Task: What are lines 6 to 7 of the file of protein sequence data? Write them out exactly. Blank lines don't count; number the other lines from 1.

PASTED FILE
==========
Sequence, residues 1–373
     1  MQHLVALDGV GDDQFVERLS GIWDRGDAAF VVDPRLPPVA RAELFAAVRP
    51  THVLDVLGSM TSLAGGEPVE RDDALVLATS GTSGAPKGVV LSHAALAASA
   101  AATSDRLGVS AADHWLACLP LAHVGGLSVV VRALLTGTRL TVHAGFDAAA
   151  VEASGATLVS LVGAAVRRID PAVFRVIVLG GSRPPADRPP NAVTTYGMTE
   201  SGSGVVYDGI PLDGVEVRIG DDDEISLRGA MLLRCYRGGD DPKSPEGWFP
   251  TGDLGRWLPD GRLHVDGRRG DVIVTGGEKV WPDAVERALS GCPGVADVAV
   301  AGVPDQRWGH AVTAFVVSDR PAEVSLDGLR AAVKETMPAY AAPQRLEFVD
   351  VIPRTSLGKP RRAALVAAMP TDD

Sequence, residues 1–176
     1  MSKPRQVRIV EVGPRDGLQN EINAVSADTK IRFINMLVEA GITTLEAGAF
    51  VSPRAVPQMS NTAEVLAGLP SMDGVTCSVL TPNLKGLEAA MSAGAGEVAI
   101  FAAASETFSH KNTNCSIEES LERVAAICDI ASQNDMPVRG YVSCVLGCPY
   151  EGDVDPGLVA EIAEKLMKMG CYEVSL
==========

   201  SGSGVVYDGI PLDGVEVRIG DDDEISLRGA MLLRCYRGGD DPKSPEGWFP
   251  TGDLGRWLPD GRLHVDGRRG DVIVTGGEKV WPDAVERALS GCPGVADVAV